Tony Gallopin of AG2R La Mondiale is in the men’s field. So is LottoNL-Jumbo’s Nielson Powless, the race’s best young rider in 2016.

The women feature 2016 champion Megan Guarnier of USA Cycling National Team, Katie Hall of UnitedHealthcare and Kasia Niewiadoma of Canyon/SCRAM.

Niki Terpstra wins Tour of Flanders

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OUDENAARDE, Belgium — Niki Terpstra continued his fine form by winning the Tour of Flanders classic with a well-timed late attack on Sunday, becoming the first Dutch rider in more than 30 years to win the race.

Terpstra caught a mini-breakaway group of three riders on the final climb, and the Quick-Step Floors rider moved too far ahead to be caught. Danish rider Mads Pedersen finished second and Belgian rider Philippe Gilbert – last year’s winner – was third.

“It’s a dream come true. Winning Paris-Roubaix (in 2014) and now the Tour of Flanders,” Terpstra said. “Those two races were always a big dream for me when I was young kid. I was already crazy about those two races, I can’t describe how happy I am.”

The previous Dutchman to win the Tour of Flanders was Adri van der Poel in 1986, and this was Terpstra’s second classics win in quick succession. He also won the E3 Harelbeke on March 23.

As he neared the line in Oudenaarde, after 263 kilometers (163 miles) of grueling riding in tricky conditions, Terpstra looked round three times to see where Pedersen was. Finally, he knew victory was assured and raised his arms in the air as he free-wheeled the last 20 meters.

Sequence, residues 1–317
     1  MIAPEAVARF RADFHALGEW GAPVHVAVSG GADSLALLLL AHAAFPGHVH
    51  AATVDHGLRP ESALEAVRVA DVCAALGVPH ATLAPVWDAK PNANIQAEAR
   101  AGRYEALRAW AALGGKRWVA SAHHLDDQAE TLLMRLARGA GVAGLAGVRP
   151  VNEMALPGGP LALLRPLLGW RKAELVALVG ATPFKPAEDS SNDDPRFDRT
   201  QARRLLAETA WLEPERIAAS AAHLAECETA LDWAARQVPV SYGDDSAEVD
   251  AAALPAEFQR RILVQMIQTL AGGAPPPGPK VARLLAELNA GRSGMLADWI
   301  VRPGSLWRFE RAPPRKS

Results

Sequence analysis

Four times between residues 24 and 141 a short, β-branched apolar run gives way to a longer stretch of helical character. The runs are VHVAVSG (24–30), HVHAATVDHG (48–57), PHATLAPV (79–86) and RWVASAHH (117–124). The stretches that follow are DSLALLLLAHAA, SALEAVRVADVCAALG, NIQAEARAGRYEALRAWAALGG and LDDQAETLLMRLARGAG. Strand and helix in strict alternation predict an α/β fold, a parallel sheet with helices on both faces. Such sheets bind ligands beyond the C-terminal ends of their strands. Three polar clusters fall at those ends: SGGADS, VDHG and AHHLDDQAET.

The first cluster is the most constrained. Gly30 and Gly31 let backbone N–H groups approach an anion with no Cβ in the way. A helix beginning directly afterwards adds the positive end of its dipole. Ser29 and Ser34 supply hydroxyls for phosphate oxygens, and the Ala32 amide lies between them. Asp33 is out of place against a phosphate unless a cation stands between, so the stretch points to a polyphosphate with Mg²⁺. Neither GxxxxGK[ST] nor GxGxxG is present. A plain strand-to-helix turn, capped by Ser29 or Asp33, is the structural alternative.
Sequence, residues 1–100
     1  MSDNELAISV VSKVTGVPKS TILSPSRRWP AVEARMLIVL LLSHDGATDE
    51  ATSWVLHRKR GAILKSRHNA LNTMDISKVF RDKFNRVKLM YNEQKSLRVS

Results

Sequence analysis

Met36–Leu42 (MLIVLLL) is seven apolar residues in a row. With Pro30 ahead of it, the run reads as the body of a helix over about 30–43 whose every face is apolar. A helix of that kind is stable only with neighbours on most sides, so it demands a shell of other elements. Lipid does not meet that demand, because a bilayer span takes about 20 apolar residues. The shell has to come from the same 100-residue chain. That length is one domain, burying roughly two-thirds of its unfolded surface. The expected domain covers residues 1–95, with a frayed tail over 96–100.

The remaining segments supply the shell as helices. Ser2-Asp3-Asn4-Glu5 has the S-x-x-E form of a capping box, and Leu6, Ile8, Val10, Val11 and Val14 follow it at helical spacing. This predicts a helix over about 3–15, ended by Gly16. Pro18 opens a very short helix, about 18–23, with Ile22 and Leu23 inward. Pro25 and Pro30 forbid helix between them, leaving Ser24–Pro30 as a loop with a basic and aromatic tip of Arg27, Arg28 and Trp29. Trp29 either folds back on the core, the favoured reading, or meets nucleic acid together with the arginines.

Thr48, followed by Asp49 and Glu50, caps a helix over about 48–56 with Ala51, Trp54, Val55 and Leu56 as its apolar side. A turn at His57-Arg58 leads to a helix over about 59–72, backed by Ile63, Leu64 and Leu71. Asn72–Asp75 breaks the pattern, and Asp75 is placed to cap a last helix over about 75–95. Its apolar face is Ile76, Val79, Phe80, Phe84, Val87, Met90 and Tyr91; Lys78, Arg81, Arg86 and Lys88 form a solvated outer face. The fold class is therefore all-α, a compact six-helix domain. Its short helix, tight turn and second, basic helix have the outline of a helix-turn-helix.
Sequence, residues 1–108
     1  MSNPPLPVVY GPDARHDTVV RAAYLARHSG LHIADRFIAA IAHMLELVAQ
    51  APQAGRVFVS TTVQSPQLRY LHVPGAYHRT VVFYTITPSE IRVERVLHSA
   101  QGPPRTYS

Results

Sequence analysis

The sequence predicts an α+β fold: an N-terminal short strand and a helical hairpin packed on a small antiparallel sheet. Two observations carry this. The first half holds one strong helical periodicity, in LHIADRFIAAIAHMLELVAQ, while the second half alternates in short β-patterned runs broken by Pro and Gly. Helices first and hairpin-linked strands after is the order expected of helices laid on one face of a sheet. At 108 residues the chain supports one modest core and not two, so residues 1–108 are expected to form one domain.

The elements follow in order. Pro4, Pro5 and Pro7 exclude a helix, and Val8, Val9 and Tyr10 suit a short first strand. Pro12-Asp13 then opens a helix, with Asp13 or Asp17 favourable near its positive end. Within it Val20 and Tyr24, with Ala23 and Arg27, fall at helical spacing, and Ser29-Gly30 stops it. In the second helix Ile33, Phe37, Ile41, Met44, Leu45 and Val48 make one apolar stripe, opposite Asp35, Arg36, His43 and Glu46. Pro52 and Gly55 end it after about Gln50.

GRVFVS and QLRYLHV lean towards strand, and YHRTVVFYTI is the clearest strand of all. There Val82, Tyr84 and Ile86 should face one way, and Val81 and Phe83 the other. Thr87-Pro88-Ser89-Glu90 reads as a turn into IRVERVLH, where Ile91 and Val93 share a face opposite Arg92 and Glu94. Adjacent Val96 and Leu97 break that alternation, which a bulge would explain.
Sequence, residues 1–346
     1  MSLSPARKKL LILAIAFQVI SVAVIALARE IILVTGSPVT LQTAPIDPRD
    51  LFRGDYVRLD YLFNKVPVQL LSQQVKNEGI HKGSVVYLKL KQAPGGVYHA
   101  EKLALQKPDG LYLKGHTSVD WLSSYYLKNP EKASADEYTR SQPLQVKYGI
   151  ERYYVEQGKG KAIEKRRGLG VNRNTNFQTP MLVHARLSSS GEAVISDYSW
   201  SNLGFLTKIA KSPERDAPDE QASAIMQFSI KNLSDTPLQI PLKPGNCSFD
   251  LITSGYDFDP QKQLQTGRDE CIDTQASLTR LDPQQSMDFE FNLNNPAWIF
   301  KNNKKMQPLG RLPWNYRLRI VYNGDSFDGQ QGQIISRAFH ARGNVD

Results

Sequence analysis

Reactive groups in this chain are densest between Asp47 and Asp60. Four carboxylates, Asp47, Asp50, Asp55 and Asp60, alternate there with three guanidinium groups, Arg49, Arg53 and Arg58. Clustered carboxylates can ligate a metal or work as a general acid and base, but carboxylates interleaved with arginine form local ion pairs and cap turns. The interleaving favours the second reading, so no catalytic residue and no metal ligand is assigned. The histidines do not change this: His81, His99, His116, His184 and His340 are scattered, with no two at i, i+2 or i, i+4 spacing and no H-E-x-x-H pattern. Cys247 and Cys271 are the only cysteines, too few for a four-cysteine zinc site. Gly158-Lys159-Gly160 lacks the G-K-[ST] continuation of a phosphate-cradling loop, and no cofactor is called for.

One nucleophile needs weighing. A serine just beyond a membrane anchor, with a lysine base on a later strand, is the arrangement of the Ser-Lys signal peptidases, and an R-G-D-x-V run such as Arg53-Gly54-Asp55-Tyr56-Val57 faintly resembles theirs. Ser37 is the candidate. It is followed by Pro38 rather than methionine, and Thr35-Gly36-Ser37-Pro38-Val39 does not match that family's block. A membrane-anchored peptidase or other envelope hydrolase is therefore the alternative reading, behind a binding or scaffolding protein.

Along with the rain and chilly temperatures, riders weren’t helped by a stray car driving on the course in the Flemish town of Aalst, about 60 kilometers into the race.

Startled riders cautiously navigated around the slow-moving gray car, or moved aside. After a few moments, the driver finally managed to get off the course.

The race, also known as De Ronde, is one of five higher-profile classics along with Milan-San Remo, Paris-Roubaix, Liege-Bastogne-Liege and the Giro di Lombardia.

It features 18 short but punishing climbs and five cobblestone sections.

Terpstra caught the front three – which included Pedersen – on the final grueling Paterberg cobble climb and opened up a comfortable lead.

Earlier, a crash on a slippery road took down some 10 riders, sending one of them rolling into a roadside ditch. It was similar to a crash during last year’s race, which took down 2016 winner Peter Sagan. He was not caught up in it this time.

Sagan, who won the Gent-Wevelgem classic for the third time last Sunday, finished sixth.

With 40 kilometers left, the front trio of Pedersen and Dutch pair Sebastian Langeveld and Dylan van Baarle led by about 30 seconds.

Approaching the final 25 kilometers, Italian rider Vicenzo Nibali, the 2014 Tour de France champion, launched a surprise attack. But he did not get far before being caught by the pack.

After catching the front three, Terpstra opened up a lead of 40 seconds. Sagan attacked with 16 kilometers left, deciding it was time to chase him down. But he realized it was a futile chase and eased up with eight kilometers left.

Paris-Roubaix, known as the “Hell of the North” for its even more challenging cobbles, is next Sunday. Last year, Olympic road champion Greg Van Avermaet overtook Zdenek Stybar just before the line in a thrilling finish.

But Terpstra will be the rider to stop.